Over the course of the Rebellion, which Fayz Muhammad described as being suppressed "only with great difficulty",[19] 14,000 people had perished,[13] and the Afghan government lost £5 million in state revenue.[7] Although unsuccessful, it succeeded in delaying many of the king's reforms until 1928.[10]

The defeat of the Khost rebellion was followed by reprisals on the Mangal population. 1515 men were executed, 600 women were dragged off to Kabul, and 3000 houses were burnt and razed to the ground.[14] In the central square of Kabul,[31] the Khost Monument[31] was built, celebrating the "triumph of knowledge over ignorance".[24]

According to Waseem Raja, "The Khost Rebellion was important for two reasons. First it revealed the weaknesses of the afghan army which remained poorly trained, underpaid and sadly lacking in medical facilities. Furthermore there was increasing discontent among the older officers many of whom had been superseded by younger European educated men. They deeply resented the fact that various modernization schemes had depleted the Amir's meagre financial resources at the expenses of the army. The revolt started the disunity in the country, the deterioration of administration, especially in the provinces and to check the disorderly progress of development in Afghanistan. Amanullah's dependence on the tribe to put down the rebellion only increased their already considerable power."[32]

Alleged British involvement

During the rebellion, The Afghan government portrayed rebel leaders as traitors seeking to serve British interests, and that the campaigns against the rebels were undertaken in the defense of Afghanistan against British influence. In British Raj however, it was generally suspected that the Soviet Union was responsible for providing financial and military aid to the rebels, while in the Soviet Union, the blame was put on Britain. Senzil Nawid writes that despite claims of British involvement by Afghan historians and the contemporary Afghan press, "neither the press reports nor Afghan historians have provided corroborating evidence for this theory".[11] The British Library website claims that Britain supported the Afghan government.[33]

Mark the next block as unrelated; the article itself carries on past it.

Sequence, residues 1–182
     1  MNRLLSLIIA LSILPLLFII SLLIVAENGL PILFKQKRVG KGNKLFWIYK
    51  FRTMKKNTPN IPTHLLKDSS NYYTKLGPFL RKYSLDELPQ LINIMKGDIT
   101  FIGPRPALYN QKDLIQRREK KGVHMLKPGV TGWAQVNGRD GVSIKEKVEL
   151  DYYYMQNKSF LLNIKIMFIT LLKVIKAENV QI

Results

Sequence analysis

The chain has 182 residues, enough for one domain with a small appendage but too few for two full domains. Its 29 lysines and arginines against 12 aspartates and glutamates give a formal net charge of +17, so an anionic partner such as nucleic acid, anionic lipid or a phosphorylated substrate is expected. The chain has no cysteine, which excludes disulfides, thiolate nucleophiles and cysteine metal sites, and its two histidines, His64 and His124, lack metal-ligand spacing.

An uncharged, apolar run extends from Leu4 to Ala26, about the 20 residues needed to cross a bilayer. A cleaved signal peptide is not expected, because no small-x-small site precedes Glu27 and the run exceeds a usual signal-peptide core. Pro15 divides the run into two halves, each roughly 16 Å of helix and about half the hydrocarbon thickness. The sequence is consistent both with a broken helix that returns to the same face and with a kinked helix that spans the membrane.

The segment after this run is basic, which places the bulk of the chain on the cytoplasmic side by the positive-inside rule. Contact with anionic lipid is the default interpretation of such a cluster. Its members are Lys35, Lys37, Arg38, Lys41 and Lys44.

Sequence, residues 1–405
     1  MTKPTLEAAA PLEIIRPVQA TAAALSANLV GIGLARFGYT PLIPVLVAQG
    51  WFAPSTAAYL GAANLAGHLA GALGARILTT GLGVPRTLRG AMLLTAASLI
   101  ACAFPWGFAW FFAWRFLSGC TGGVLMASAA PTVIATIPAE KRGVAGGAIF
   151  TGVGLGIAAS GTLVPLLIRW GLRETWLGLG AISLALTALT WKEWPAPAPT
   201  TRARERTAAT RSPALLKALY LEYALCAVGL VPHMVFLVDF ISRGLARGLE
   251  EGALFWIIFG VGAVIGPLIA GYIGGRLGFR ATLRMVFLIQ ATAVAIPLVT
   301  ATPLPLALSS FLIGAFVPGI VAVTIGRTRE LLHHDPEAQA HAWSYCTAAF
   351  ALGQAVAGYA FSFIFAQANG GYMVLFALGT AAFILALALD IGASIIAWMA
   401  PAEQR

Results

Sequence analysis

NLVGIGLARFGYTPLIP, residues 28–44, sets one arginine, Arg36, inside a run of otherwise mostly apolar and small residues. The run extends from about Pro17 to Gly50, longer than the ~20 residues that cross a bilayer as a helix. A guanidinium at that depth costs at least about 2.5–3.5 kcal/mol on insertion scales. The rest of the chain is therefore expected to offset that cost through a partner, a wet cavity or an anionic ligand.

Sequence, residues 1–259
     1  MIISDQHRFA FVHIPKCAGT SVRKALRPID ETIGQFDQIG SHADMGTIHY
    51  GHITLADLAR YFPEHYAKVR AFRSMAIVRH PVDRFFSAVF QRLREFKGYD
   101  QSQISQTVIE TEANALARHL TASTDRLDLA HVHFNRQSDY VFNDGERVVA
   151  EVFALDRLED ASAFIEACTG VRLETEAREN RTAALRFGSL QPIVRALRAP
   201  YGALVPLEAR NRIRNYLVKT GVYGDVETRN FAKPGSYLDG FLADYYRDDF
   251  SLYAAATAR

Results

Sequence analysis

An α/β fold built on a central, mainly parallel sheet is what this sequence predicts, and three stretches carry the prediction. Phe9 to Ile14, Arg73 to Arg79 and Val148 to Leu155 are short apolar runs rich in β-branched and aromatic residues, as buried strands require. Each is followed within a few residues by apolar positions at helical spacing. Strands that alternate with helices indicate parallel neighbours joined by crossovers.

See also

Notes

  1. ^ a b These are the dates provided by Ludwig Adamec,[4] Hafizullah Emadi[5], H. A. R. Gibb,[6] Robert Johnson,[7] S. Fida Yunas,[8] Narenderpal Singh,[9] and Frank Clements[10]. Senzil Nawid also states that it began in March 1924, but specifically gives "30 January" as the end date, instead of just "January".[11] Even though the previously given dates can not logically be more than 11 months,[12] Fayz Muhammad stated that the rebellion lasted 1 year and 2 months, and only gave the start date as "1924" without specifying an end date.[13] A Guide to Intra-state Wars: An Examination of Civil, Regional, and Intercommunal Wars, 1816–2014 gives the start date as 15 March 1924 and the end date as March 1925.[3] According to the contemporary German author and geographer, Emil Trinkler,[14] as well as Sana Haroon,[15] the rebellion was quelled "towards the end of the year" of 1924.